Iran's Rouhani Buoyed as Lawmakers Approve Second-Term Cabinet

  • Only one ministerial nominee rejected in vote by lawmakers
  • Under Donald Trump, Washington has expanded sanctions on Iran

Iranian President Hassan Rouhani won lawmakers’ approval for all but one of his new cabinet, in an overwhelming show of support for an agenda criticized by some conservatives at home and threatened by an increasingly confrontational U.S.

Parliament on Sunday voted to reappoint Oil Minister Bijan Namdar Zanganeh and Foreign Minister Mohammad Javad Zarif, top Rouhani allies during his first term, as well as 14 other ministers. The only candidate to lose a vote of confidence was Energy Ministry nominee Habibollah Bitaraf.

Addressing the assembly before votes were held, Rouhani pointed to the 2015 nuclear deal that opened the economy for business and said Iran can achieve more by being united. “We need to move forward. This is not the time to have proponents and opponents, we all need to help and act,” he said.

The 68-year-old cleric won another four years as president in May on a pledge to press ahead with his policy of easing Iran’s political isolation to achieve further sanctions relief for the economy. Sworn in for a second term on Aug. 5, Rouhani will depend on moderate factions that increased their representation in parliament in elections last year.

His policy thrust has run up against President Donald Trump’s opposition to the pact. Trump has threatened to withdraw from the 2015 agreement that curbed Iran’s nuclear program in exchange for sanctions relief, and since the start of his term, the U.S. has applied new sanctions against Iran’s ballistic missile program and its elite Revolutionary Guards.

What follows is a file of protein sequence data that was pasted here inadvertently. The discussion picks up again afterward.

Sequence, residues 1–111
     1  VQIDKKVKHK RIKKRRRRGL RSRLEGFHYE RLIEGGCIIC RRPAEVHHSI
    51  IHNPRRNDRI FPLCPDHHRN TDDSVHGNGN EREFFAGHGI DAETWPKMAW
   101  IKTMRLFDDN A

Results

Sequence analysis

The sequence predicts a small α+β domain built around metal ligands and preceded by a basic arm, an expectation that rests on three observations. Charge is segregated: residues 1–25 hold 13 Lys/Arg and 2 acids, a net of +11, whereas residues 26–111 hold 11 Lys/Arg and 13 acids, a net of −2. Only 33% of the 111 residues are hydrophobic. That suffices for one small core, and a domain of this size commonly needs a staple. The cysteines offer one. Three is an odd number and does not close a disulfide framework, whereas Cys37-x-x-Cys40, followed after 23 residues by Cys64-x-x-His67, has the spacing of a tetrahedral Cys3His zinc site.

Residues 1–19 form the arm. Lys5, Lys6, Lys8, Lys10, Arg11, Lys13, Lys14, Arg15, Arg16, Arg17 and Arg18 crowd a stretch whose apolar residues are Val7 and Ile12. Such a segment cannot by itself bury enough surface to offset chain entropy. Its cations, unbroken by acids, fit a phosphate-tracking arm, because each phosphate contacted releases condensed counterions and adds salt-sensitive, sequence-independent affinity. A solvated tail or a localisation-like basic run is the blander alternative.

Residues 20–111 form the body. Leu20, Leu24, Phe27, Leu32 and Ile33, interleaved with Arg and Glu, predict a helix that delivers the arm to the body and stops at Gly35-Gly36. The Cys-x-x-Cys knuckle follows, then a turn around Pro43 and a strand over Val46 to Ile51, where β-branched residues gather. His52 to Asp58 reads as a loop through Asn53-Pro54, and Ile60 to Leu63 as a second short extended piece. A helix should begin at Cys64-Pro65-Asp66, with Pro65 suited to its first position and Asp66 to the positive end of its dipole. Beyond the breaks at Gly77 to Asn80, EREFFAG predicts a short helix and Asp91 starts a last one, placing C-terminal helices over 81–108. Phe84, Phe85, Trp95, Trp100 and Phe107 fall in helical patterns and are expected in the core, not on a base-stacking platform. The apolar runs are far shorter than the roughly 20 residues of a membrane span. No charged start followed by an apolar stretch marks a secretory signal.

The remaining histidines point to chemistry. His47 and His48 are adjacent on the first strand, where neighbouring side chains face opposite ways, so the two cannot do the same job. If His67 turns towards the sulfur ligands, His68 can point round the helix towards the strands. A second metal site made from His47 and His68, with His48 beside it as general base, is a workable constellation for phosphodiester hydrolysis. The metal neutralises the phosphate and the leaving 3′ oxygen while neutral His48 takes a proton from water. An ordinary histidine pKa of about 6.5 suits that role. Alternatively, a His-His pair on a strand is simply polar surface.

Zanganeh Attacks

Rouhani has also been challenged domestically by conservatives who say the nuclear deal has failed to deliver economic benefits for the majority of Iranians and who point to the U.S. as an untrustworthy partner even after the agreement.

Amid the challenges, lawmakers have shown this “parliament has confidence in the president and in his ministerial choices,” said Adnan Tabatabai, chief executive officer of the Center for Applied Research in Partnership With the Orient, a think-tank based in Bonn, Germany. “We can expect smoother interactions between the parliament and the government” as Rouhani tries “to push through” legislation, he said.

Countering opponents’ calls for Iran to be self-reliant, Rouhani said modernizing Iran’s aging industry and developing a manufacturing export sector would require foreign investment and technology.

Zanganeh had been a target of conservative attacks over a July agreement with Total SA, signed under a new energy investment model that aims to offer more attractive terms to international companies. Zarif, who headed the team of nuclear negotiators, has been accused by hardliners of being too friendly toward the U.S. and of negotiating a bad deal.

“The U.S. doesn’t need your help,” Rouhani said in a swipe at his opponents. “Come and help the Iranian nation and your people instead.”

Lawmakers criticized Bitaraf for failing to put forward an effective plan to tackle Iran’s water shortage in his address to the assembly. He was supported by only 133 of the 288 legislators present.

The president now needs to appoint a caretaker for the Energy Ministry and has three months to nominate a replacement. He is yet to propose a candidate for science minister.

— With assistance by Nour Al Ali

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